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5 Ways to TED-ify Learning

April 30, 2014, Michel Koopman -
5 Ways to TED-ify Learning

Building a Learning culture — one that thrives on the constant absorption and sharing of relevant knowledge to raise organizational intelligence and agility — is no easy task. And if you’re a business that isn’t enterprise-size, it can be even more difficult to provide access to the right tools, resources, and time necessary to transform your environment.

Learning needs to be relevant and easily accessible, and the content needs to inspire your employees; otherwise, they’ll dread what should be a welcome activity.

This is exactly why TED Talks have become such an important tool for business leaders and corporate talent executives. With a library of nearly 2,000 18-minute videos on myriad topics, TED offers concise, groundbreaking knowledge in a convenient medium for any professional who wants to make inspirational Learning a priority in the workplace.

To take the recommendation to include TED in a corporate Learning strategy a step further, there are a number of insightful presentations on the topic of Learning specifically as well. Each demonstrates how Learning is evolving quickly.

5 Must-Watch TED Talks on Learning

Some of the most insightful TED Talks focus on education, specifically on how we all teach, learn, and work differently. Here are five TED Talks focusing on principles of Learning that are worth watching:

1. “Why Work Doesn’t Happen at Work”

In this talk, Jason Fried explores why no matter how much a Company spends on fancy décor or office renovations, the distractions of a shared workspace are simply too much for some workers to overcome. Like students who can’t sit still in a desk at school, some workers are most productive, focused, and inspired when working beyond the walls of their office. Fried encourages managers to find ways to make their whole team more productive by recognizing individual needs.

2. “Bring on the Learning Revolution!”

In his 2010 presentation, Sir Ken Robinson addressed the worldwide human resources crisis, which he blamed on the one-size-fits-all educational practices of our society. Robinson smartly demonstrated where education has gone off-course and examined the ramifications this may have on our workforce in the long run. The talk also offered tips for an education revolution — the creation of a system meant to fit the needs of the person, rather than the group.

3. “The Puzzle of Motivation”

Analyst Dan Pink spoke to TED audiences about the ever-important balance between motivation and performance and discussed why rewards rarely boost productivity. He explains that we learn better when there’s purpose and meaning behind our Learning. Rather than a grade or reward, we’re more motivated by “autonomy, mastery, and purpose.” Pink encourages business leaders to apply these ideas to the workplace to create a more focused and productive workforce.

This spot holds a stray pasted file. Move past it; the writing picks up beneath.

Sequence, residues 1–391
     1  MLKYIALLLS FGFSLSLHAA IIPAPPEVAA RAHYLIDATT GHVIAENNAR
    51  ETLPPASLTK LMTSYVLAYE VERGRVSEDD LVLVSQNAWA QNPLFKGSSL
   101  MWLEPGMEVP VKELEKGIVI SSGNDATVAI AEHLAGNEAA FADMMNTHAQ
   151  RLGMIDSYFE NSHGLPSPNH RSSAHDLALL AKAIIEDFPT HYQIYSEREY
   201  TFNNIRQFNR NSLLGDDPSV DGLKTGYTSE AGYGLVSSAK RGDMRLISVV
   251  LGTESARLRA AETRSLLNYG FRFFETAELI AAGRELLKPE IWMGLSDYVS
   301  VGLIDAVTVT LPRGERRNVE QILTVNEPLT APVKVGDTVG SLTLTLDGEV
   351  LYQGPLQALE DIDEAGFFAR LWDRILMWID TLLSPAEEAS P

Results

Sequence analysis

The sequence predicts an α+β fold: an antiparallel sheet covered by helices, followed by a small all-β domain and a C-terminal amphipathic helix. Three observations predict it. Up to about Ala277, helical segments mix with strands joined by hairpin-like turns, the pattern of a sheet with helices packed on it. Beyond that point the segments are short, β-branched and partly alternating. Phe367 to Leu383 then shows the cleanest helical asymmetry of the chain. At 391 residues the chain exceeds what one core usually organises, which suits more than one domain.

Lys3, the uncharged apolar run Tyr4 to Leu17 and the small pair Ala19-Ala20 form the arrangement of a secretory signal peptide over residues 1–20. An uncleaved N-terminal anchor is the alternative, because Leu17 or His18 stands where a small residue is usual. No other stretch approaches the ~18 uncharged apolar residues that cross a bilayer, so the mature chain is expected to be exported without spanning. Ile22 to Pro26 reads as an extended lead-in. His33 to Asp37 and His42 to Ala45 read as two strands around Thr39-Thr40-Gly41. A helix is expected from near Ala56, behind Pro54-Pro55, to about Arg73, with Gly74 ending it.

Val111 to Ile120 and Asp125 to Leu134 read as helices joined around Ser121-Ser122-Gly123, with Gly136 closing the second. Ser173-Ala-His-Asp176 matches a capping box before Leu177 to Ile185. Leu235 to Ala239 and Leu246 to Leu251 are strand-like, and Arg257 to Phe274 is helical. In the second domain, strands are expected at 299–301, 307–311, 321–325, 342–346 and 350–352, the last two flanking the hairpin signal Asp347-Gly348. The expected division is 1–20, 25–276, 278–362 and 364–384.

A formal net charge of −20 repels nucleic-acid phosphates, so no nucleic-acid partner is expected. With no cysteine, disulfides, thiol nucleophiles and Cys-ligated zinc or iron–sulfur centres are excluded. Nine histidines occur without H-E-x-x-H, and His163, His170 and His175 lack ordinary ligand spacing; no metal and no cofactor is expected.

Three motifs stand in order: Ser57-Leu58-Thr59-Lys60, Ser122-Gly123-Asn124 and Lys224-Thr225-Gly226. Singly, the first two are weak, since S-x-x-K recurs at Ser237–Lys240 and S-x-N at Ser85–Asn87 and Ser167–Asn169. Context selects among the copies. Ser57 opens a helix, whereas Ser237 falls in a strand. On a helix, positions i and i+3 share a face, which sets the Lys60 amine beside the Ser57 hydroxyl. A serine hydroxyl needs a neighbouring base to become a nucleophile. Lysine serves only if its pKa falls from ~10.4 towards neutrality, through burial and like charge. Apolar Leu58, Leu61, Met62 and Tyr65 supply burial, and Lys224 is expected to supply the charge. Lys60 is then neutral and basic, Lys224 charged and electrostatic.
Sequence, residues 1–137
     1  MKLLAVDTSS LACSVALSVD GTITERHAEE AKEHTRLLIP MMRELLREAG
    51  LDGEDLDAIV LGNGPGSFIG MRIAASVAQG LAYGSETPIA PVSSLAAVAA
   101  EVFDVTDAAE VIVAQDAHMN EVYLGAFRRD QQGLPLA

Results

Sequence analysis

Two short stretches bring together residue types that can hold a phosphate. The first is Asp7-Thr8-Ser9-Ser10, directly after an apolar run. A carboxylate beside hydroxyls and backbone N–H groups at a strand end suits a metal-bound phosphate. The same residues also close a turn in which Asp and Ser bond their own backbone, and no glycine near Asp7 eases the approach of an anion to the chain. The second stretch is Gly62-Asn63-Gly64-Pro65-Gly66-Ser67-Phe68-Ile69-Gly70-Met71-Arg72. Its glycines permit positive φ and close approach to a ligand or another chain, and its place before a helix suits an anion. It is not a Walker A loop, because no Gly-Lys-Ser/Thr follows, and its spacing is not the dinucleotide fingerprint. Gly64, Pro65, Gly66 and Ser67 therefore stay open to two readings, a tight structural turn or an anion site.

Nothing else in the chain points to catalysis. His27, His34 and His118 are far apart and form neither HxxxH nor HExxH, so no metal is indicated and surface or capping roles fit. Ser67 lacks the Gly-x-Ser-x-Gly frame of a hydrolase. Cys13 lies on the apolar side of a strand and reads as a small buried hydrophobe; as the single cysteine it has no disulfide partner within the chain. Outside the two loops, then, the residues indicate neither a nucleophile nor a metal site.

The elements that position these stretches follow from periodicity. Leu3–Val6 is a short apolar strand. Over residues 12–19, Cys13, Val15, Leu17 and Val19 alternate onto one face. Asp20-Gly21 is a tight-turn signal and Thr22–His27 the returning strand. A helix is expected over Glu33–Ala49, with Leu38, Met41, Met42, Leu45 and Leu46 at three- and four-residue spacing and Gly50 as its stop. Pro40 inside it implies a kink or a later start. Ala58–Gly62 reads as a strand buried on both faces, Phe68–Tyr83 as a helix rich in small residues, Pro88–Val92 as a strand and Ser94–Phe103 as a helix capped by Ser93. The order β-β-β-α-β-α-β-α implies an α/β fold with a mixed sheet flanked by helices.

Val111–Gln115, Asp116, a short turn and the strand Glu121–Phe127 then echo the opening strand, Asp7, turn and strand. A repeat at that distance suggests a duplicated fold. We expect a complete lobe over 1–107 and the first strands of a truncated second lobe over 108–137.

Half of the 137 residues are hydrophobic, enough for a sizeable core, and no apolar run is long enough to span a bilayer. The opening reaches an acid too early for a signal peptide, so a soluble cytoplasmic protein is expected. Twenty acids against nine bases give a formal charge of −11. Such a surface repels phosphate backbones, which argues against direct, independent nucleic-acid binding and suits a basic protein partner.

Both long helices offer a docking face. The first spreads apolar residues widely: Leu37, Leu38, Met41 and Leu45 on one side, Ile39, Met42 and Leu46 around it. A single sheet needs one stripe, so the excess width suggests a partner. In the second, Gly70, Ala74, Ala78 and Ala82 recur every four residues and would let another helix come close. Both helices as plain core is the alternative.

4. “What We’re Learning from Online Education”

In her inspiring 2012 speech, Daphne Koller spoke of how the Internet is democratizing Learning by making college education more available and affordable than ever before. She offered a rundown of how online education works and demonstrated its potential to empower and enhance the labor force through global accessibility. Education as a fundamental human right is a beautiful vision Koller challenged us to see.

5. “Let’s Use Video to Reinvent Education”

Salman Khan, founder of Khan Academy, gave a TED Talk in 2011 that addressed the evolution of education and how Technology has made Learning more accessible. In his speech, Khan shared his vision for interactive, self-paced Learning, customized with Technology and mixed media made available both inside and outside the classroom. He demonstrated how his own Company is putting this into practice through its educational video courses, viewed by more than a million people monthly.


How to Utilize TED Talks in Your Workplace

TED Talks are innovative, captivating, inspiring, and often fun. And integrating these videos into your organization’s Learning culture is a good way to promote problem solving, enthusiasm, and brainstorming among employees. But if you’re planning to incorporate TED Talks into your business practices, here are some tips:

·         Watch the TED Talk yourself first. You can only accurately retell the whole speech with your work team if you’ve actually watched the entire video. Make sure you prescreen anything you share with others.

·         Select videos that are relevant and of value to you and the business. Don’t make everyone watch an 18-minute-long video because it’s “cool.” Keep videos on-topic; make sure it’s clear why you chose to share them with your team.

·         Make viewings convenient. To ensure everyone watches, work the video into a relevant meeting or presentation, followed by an open discussion. Otherwise, email the link to employees so they can watch it at their leisure.

·         Provide a preview of summary. Just because you think it’s great doesn’t mean others do, nor that they have the time to invest. Share a summary or abstract of the video to more easily communicate, more quickly disseminate, and drive more views of the inspirational TED Talk.

TED Talks have given all of us a tool to leverage the value of an external thought leader presentation in a medium that is affordable and repeatable at recurring meetings. They’ve opened the door for businesses of all sizes to promote continued Learning and thought exploration. Companies that continually invest in their employees’ education are positioning themselves for long-term success.

Michel Koopman is the CEO of getAbstract, Inc, a Saba Content Partner.Their mission is to find, compress, and provide access to business knowledge.

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